As he waited, Columbia broke into pieces as it passed over Texas and other southern US states along its ground track to Florida. Hurley's friends died as their spacecraft burned up and broke apart during their reentry to Earth's atmosphere. From the beginning of his career, then, Doug Hurley profoundly understood the risks of the profession he had just entered into.
A ground-penetrating radar survey in 2018 found a 20-meter Viking ship buried just beneath the surface of a farmer’s field in Østfold, Norway. At the time, archaeologists decided that the rare find was safest where it was. But recent analysis of a wood sample taken in 2019 reveals that although the ship looks remarkably well-preserved, it’s actually being eaten away by fungus. And that means it’s time for a rescue mission.A Viking burial
The intended excavation is being led by archaeologist Jan Bill, curator of the Viking Ship Collection at Norway’s Museum of Cultural History, and his colleagues at the Norwegian Institute for Cultural Heritage Research (NIKU). When they start digging in June, they’ll be the first archaeologists in a century to excavate a Viking ship.
The site, called Gjellestad, is especially interesting—and especially complicated. It’s a ship from the period when Scandinavian seafarers were raiding and settling their way around the North Sea and Atlantic—but it’s also the tomb of a Norse ruler. “Ship graves of this size were built for persons from the uppermost echelons in society—we would tend to call them kings and queens today, possibly also jarls,” Bill told Ars.
The Trump administration is putting the final touches on a sweeping executive order designed to punish online platforms for perceived anti-conservative bias. Legal scholar Kate Klonick obtained a draft of the document and posted it online late Wednesday night.
"In a country that has long cherished the freedom of expression, we cannot allow a limited number of online platforms to hand-pick the speech that Americans may access and convey online," the draft executive order states. "This practice is fundamentally un-American and anti-democratic. When large, powerful social media companies censor opinions with which they disagree, they exercise a dangerous power."
The document claims that online platforms have been "flagging content as inappropriate even though it does not violate any stated terms of service, making unannounced and unexplained changes to policies that have the effect of disfavoring certain viewpoints, and deleting content and entire accounts with no warning, no rationale, and no recourse."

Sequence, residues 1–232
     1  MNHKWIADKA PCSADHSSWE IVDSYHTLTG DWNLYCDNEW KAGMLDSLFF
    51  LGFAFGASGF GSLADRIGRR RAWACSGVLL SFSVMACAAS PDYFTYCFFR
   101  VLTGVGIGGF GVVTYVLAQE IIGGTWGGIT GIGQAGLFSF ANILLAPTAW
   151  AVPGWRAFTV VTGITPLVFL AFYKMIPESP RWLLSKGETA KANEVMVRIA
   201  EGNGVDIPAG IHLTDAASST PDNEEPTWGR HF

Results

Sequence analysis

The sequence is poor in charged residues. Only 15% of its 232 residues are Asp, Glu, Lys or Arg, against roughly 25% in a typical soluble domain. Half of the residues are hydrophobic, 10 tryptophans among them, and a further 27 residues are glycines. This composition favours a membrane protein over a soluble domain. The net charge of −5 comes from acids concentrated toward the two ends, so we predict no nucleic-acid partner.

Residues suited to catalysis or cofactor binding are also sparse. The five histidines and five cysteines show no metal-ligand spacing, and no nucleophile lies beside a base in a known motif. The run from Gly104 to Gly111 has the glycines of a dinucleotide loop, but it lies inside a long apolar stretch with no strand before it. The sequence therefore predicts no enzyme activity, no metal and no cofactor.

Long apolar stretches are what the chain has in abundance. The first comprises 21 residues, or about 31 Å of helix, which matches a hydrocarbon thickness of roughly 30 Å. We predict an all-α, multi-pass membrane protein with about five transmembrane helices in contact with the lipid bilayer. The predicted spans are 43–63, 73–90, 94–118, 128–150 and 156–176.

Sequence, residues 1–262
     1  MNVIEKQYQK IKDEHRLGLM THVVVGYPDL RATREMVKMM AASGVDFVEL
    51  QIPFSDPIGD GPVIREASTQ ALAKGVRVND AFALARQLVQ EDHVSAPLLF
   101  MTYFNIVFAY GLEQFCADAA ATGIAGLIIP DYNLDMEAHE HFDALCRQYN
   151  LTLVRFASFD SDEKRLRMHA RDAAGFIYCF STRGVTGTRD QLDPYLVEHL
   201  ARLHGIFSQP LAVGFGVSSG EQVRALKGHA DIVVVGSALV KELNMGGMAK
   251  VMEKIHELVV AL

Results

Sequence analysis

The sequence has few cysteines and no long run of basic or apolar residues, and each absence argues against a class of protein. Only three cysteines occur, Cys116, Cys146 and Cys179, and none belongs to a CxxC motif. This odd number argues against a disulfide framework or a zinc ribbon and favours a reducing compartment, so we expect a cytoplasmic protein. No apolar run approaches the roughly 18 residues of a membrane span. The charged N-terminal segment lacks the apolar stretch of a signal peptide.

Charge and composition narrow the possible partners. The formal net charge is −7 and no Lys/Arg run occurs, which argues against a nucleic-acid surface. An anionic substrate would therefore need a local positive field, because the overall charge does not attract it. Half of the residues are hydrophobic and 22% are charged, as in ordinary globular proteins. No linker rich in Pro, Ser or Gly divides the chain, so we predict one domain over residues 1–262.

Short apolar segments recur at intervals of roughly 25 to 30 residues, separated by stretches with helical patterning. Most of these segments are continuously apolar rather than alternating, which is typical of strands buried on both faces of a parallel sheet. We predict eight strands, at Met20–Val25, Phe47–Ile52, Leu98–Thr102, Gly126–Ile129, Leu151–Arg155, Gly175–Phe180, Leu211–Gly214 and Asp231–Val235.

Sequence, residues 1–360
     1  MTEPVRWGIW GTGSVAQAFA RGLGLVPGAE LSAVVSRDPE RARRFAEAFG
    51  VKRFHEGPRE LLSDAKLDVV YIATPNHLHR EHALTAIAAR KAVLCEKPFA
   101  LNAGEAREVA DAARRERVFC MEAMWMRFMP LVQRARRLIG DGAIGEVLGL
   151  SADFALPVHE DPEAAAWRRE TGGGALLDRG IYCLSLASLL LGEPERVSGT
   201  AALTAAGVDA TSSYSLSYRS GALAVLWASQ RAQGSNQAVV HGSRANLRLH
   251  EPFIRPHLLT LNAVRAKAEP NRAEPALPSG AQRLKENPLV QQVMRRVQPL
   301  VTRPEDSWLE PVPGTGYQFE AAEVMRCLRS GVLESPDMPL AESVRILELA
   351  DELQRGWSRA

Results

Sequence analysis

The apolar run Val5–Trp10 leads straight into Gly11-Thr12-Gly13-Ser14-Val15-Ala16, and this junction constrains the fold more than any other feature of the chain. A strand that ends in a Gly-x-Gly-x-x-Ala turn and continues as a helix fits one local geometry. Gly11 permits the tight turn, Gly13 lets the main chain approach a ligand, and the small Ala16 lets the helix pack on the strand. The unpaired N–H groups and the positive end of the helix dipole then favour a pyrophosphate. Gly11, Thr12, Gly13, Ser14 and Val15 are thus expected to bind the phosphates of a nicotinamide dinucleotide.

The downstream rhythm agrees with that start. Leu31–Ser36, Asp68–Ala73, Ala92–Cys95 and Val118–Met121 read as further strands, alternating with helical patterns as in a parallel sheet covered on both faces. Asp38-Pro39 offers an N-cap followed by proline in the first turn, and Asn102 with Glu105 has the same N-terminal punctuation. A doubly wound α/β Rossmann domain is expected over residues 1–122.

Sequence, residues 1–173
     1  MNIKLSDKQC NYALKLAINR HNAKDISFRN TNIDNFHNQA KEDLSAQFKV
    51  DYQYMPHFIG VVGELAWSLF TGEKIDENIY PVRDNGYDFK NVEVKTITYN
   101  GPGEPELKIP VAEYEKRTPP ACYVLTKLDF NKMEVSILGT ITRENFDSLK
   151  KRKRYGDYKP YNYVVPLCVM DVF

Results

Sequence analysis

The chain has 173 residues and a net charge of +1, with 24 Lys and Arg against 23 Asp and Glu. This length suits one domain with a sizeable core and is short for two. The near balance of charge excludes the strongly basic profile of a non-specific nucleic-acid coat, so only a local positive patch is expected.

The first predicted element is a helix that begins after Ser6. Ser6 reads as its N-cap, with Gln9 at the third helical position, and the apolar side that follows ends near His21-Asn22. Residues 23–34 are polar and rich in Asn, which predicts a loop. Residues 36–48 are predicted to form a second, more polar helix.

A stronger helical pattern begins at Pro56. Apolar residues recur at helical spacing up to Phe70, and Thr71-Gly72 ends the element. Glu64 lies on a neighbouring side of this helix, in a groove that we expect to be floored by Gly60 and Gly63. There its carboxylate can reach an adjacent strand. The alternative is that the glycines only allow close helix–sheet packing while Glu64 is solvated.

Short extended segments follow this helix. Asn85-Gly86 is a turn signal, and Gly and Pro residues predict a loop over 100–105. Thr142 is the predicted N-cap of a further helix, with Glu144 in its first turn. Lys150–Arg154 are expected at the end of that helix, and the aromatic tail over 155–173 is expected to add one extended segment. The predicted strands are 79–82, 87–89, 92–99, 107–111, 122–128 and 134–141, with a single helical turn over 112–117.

Lamborghini chose last year's Frankfurt auto show to debut its Sián FKP 37 hypercar. Based on the Lamborghini Aventador, the Sián FKP 37 teaches that old dog a new trick through the addition of a supercapacitor hybrid system, adding an additional 34hp (25kW) to help out the 774hp (577kW) V12 engine. Only 63 Sian FKP 37s will be built, and even if you have the $3.7 million asking price, they're already sold out. But from June 1st, there's a cheaper way to get your own Sián FKP 37, as long as you don't mind it being 1:8 scale. That's when the Lego Technic version comes out—a 3,696-piece kit that will cost $379.99.
Highly detailed technical models of cars have been a thing for Lego's Technic line since the late 1970s. Building techniques have changed a lot in that time, as has the array of Technic parts, resulting in a remarkably accurate-looking scale model of the outrageous Lamborghini. But in keeping with more than four decades of Technic car models, this one still has functional suspension, steering, moving pistons inside its engine, and a working eight-speed paddle-shift gearbox.
The Sián FKP 37 is one of the latest in Lego's range of 18+ sets, although that age rating is for the difficulty of the build, not any NSFW content. Building it should occupy at least a weekend, if my experience of the Lego Technic LMP2 car is anything to go by (and no, I still haven't disassembled that one to fix a tiny error that I made early on). Lego and Lamborghini have also put together a series of 13 videos, accessible via QR codes in two included booklets, that it says "delve into the inspiration behind different stages of the design."
Millions in the UK will soon be asked to monitor who they have been near to combat coronavirus.
Despite extra testing of the Windows 10 May 2020 update, the rollout has already thrown up multiple driver problems.
One minister has compared the UK and France's outlier approaches to their nuclear deterrent effort.